Because of the complexity of the CFI program and the importance of the projects, the University of Alberta put in place this year an extensive review process for CFI applications. Each proposal must be reviewed by a senior faculty member, a team of associate deans of research and a facilitator.

Recent changes in research funding began in 1997 with the creation by the federal government of the CFI program. The following year the government restored funding to the federal granting agencies to their 1994-95 levels and in 1999 it created CIHR, announced the Canada Research Chairs program and increased the budget of the Networks of Centres of Excellence. University income from sponsored research jumped to some $2.78 billion in 2000, almost double the 1991 level.

“It’s been generally recognized that universities are the driving force in stimulating innovation,” says Nigel Lloyd, NSERC’s director general of research grants. While funding opportunities have increased, so too has the number of researchers competing for funds. NSERC received a record 736 applications for new funding this year, almost double the number it received in 1998, due largely to an influx of new faculty at many universities, says Dr. Lloyd.

At the same time, research costs have spiraled while the ability of universities to fund research internally has been sharply curtailed, adds Barbara Crutchley, senior research development manager at the University of Manitoba. Researchers are therefore more dependent than ever on external grants. “Everything has compounded to increase the competition,” she says.

Another important development has been an increased emphasis on industry involvement. Much of the research funds available today are dependent on matched funds from industry or a demonstration of interest by industry in the research results, observes Janice Glasgow, head of computing and information science at Queen’s University. Grants facilitators can help put researchers in touch with industry contacts, says Dr. Glasgow, who has served on an NSERC review committee.

Not only is there more collaboration between industry and universities, but also among universities, adds Jean Yvon Timothy, director of the industrial liaison and grants office at Université de Montréal. These changes, he says, compound the complexity of the research program as well as the funding application. A research project could involve three researchers from three institutions each with its own intellectual property policy. If an industry partner is involved, that adds another set of rules.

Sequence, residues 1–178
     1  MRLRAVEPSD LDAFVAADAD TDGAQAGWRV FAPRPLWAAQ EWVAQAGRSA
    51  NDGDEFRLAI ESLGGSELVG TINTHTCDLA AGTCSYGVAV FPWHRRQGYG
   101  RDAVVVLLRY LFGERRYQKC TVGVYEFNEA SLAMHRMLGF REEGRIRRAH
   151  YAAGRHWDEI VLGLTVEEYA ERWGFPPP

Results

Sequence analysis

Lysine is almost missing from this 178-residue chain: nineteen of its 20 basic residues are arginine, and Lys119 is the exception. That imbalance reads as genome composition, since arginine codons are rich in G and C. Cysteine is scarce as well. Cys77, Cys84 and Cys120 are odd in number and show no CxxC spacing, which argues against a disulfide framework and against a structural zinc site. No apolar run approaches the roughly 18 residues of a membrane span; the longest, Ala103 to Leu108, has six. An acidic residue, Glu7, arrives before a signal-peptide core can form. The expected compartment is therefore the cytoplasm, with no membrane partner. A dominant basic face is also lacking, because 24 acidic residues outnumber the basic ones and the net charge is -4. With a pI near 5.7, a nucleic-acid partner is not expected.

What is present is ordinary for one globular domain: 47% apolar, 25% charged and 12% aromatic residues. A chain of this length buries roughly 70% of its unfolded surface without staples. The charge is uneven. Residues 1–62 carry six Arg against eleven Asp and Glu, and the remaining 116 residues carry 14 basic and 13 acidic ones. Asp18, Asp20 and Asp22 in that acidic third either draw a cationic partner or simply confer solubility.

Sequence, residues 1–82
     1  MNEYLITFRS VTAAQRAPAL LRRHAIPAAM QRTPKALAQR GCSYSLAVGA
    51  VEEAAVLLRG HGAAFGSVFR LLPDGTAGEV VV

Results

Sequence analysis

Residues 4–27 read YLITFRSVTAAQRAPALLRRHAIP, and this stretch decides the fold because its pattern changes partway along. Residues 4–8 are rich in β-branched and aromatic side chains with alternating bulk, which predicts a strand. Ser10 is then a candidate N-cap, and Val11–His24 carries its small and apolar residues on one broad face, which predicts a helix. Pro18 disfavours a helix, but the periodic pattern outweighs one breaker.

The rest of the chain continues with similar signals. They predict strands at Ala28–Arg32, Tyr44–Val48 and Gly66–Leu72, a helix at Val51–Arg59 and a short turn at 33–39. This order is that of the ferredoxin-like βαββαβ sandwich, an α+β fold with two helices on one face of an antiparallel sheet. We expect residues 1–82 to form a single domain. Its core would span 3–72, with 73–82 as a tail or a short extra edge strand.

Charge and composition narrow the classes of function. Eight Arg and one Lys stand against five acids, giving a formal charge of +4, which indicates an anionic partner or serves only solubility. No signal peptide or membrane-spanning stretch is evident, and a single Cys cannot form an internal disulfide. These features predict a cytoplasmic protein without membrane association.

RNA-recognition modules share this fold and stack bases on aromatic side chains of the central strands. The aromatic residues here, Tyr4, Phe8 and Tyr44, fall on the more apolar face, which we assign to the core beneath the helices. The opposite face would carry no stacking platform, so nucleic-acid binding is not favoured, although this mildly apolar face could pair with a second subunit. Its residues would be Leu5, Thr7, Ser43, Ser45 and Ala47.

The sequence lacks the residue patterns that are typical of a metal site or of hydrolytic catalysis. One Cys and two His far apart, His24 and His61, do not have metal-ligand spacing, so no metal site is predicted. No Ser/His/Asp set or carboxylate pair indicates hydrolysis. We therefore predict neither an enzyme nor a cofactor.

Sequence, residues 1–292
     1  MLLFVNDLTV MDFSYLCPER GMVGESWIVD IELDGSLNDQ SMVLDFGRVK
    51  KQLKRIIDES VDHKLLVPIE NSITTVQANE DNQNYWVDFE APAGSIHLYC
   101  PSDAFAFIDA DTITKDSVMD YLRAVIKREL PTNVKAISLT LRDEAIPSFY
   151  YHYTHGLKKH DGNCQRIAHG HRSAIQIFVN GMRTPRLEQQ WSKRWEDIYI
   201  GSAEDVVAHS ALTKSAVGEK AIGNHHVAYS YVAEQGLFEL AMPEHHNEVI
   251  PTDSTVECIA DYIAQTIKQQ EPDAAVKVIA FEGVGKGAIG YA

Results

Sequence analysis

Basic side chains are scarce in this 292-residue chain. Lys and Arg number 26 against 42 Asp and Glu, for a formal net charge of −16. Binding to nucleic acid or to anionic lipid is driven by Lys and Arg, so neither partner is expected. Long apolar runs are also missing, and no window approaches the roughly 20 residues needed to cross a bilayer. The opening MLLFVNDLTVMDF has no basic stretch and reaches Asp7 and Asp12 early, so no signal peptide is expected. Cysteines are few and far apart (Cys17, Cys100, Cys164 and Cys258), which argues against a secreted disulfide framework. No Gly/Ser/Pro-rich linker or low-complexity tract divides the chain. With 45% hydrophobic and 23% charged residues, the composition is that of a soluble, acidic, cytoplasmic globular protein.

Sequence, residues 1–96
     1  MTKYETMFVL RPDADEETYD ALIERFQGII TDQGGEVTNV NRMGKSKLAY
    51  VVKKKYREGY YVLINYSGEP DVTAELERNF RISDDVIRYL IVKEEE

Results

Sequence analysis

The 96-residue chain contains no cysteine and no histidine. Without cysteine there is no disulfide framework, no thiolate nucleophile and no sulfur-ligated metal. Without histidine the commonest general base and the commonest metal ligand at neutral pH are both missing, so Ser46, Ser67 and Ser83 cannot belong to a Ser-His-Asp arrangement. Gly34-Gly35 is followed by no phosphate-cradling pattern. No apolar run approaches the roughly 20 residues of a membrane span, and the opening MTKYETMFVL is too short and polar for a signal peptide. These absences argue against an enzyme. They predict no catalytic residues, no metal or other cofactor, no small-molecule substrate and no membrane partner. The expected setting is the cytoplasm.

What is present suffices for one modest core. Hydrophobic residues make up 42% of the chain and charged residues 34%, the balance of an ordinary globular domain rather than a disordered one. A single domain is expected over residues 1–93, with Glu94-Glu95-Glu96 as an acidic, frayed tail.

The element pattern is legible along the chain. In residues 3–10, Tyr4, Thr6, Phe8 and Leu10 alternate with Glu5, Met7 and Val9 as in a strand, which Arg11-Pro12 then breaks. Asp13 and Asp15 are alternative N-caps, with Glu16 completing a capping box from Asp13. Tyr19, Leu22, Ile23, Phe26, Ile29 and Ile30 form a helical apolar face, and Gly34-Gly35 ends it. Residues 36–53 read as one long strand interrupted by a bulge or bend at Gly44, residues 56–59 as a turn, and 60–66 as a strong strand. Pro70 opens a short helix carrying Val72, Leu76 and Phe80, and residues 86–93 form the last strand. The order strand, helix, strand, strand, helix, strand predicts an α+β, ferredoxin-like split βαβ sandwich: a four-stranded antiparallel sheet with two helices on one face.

Hard to compete

Canadian universities and researchers have generally welcomed these changes despite the increased difficulties and workload. But some smaller universities argue that these developments have made it even tougher for them to compete for research grants. Robert Perrins, Acadia University’s director of research and graduate studies, points out that smaller institutions don’t have the money to hire grants facilitators like their larger counterparts. In addition, faculty at smaller universities tend to carry a heavier teaching load, leaving less time to devote to research applications.

Despite this, many schools, including Acadia, have established mentoring programs “simply out of necessity,” Dr. Perrins says. The programs pair junior researchers with senior faculty members who review the funding applications. These programs are necessary not only to help researchers obtain grants, but also to attract new faculty members to the university, Dr. Perrins notes.

The programs seem to be having an impact. The Prince Edward Island Health Research Institute has doubled its success rate since it started a mentoring program last year, says Donna Murnaghan, the institute’s associate director. She notes that the university had as many as 16 research projects funded this year, up from eight last year and one in 1995. Among the lucky ones this year was Kathy Gotschall-Pass, who was awarded an NSERC grant for $43,200 a year for four years to study the role of antioxidants in preventing heart disease. “I was ecstatic,” says Dr. Gotschall-Pass when she heard the news. Of the mentoring program, she says, “I can’t recommend it enough.”

Tips for successful grants proposals

  • Start early, advises Sara Swenson, grants facilitator at Simon Fraser University. Most applications take weeks, even months to prepare. Not allowing enough preparation time is the most common pitfall researchers encounter.
  • Use all the resources at your disposal. Get to know your grants facilitator and take advantage of all mentoring programs, workshops and other research services your university offers. If your university doesn’t offer such services, seek help elsewhere. Janice Glasgow, head of computing and information science at Queen’s University, says she advised a former Queen’s student who had moved to a small university where they didn’t have a mentoring program.
  • Read your colleagues’ funding proposals and have as many of them as possible read yours. “That’s what I do myself,” Dr. Glasgow says.
  • Write clearly and make sure the summary is in layman’s terms, adds Sandra Crocker, director of research services at Queen’s University. “It’s a critical part of the tri-council review process,” she says. “That summary is what everyone on the committee reads in depth.”
  • Explain your research goals clearly and don’t assume reviewers will understand your intent, says Donna Murnaghan, associate director of the Prince Edward Island Health Research Institute.
  • Don’t get discouraged. Many applications get turned down on the first try and, with a little work, are subsequently approved, adds SFU’s Dr. Swenson.